More than one million tourists have flocked to the South for Mardi Gras, and hundreds of thousands of those revelers have settled in for a few days along the Gulf Coast. Those who decided to enjoy the festivities along the Gulf of Mexico might be in for something they didn’t expect: oil tar mats.
On Thursday of last week, workers on Pensacola Beach, Florida spotted and brought to shore a 1,200 pound oil tar mat, which officials say accounted for about 90% of the total size of the mat. While the bulk of the mat was a mixture of sand and other debris, scientists ran tests and were quickly able to determine that the oil in the mat was a perfect match for the oil released into the Gulf of Mexico during the 2010 Deepwater Horizon oil disaster, as the Pensacola News Journal explains:
The weathered oil from the tar mat was confirmed to be MC-252 oil from the 2010 Deepwater Horizon oil spill. Although the waters of the Gulf of Mexico were once scoured regularly for residual oil from the spill, physical searches were phased out as the number of sightings began to dwindle.
In the summer of 2013, BP pulled their cleanup crews from the Gulf Coast, assuring residents and tourists alike that the oil spill was all cleaned up. A few months later, the U.S. Coast Guard made similar claims to the public.
Furthermore, the public was assured as early as May 2010 — just one month after the oil leak began — that the majority of the oil would simply “dissolve” into the Gulf of Mexico. This latest tar mat is undeniable evidence that oil from BP’s disaster still remains in the Gulf.
The public was grossly misled about what it actually means for oil to “dissolve.” It may not be visible to the eye, but dissolved oil remains in the water – just as sugar “dissolves” in coffee; the chemicals are still there, just not in the concentration or consistency that they were before.
Proof of this dissolution is evident in the marine life abnormalities that are creeping up in the Gulf of Mexico, even in areas in South Florida that were unaffected by the spill.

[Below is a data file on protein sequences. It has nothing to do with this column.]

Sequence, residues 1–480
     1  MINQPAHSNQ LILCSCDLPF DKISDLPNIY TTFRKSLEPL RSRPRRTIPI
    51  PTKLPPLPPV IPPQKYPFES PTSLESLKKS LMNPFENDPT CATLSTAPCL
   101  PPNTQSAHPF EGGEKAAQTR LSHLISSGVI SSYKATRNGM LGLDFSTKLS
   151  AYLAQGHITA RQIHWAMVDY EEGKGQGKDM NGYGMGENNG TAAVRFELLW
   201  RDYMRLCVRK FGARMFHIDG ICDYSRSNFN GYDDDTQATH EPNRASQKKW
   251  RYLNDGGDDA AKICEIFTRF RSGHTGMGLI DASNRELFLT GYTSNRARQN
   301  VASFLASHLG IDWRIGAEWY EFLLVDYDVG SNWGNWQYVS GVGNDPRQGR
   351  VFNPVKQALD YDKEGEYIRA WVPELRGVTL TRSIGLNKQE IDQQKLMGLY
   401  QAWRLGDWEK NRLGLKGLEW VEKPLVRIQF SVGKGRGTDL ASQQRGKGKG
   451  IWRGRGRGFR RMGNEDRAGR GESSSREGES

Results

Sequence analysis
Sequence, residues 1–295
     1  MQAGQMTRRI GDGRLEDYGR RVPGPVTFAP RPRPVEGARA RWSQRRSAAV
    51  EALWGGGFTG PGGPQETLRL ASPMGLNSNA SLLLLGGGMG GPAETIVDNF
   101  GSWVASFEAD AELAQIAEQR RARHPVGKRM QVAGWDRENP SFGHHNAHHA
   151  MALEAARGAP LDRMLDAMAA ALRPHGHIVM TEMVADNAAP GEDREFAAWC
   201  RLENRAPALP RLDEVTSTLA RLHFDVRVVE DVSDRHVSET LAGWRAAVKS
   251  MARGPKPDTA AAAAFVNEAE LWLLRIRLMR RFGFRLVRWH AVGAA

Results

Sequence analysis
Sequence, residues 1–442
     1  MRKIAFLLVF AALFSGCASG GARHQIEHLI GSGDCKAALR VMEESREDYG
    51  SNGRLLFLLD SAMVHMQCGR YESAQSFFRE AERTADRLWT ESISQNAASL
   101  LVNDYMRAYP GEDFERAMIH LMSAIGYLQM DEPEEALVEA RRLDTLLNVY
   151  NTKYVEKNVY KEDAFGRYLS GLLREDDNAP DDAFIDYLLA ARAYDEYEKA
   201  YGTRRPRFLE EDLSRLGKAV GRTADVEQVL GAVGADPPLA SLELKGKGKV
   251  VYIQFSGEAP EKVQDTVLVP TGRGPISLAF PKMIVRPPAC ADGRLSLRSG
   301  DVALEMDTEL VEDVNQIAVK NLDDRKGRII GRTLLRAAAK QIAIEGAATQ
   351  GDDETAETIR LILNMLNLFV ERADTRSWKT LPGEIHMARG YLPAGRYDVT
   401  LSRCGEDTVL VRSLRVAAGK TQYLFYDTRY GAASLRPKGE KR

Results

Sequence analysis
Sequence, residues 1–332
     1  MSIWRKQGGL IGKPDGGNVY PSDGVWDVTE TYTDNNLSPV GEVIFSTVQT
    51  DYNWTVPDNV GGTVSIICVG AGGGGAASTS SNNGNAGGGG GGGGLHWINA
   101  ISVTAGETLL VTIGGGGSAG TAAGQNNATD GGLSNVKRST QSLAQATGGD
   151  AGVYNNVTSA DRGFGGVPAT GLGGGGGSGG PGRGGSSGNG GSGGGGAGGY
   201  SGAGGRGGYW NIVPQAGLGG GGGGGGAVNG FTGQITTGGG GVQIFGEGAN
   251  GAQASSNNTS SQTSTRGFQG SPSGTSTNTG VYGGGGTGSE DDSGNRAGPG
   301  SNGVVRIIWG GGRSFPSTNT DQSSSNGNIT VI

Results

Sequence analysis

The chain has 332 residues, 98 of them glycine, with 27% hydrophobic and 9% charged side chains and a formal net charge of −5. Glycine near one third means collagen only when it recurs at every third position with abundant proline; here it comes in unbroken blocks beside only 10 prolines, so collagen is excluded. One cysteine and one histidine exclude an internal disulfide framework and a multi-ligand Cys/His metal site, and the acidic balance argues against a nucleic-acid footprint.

Shrimp with tumors on their heads
Shrimp with defects on their gills and “shells missing around their gills and head”
Shrimp without eyes
Shrimp with babies still attached to them
Fish without eye-sockets
Fish without covers on their gills
Fish with large pink masses hanging off their eyes and gills
Crates of blue crabs, all of which were lacking at least one claw
Crabs with holes in their shells
Crabs with shells that have no spikes or claws or misshapen claws
Crabs that are dying from within
That’s just what’s happening to marine life. The workers, and sometimes residents, along the Gulf Coast who were inhaling the toxic mix of oil and Corexit for months have been reporting what is only described as “mystery respiratory illnesses.”
The irony of the timing is that Louisiana, Alabama and Florida have been spending some of the $57 million tourism promotion fund from BP to help attract visitors to the South during the Mardi Gras celebrations. I guess this latest tar mat is proof that millions of dollars can’t hide the truth.
This story originally appeared on DeSmogBlog.com.
Farron Cousins is the producer of Ring of Fire, executive editor of The Trial Lawyer Magazine, and a contributing writer for DeSmogBlog.com. Follow him on Twitter @farronbalanced.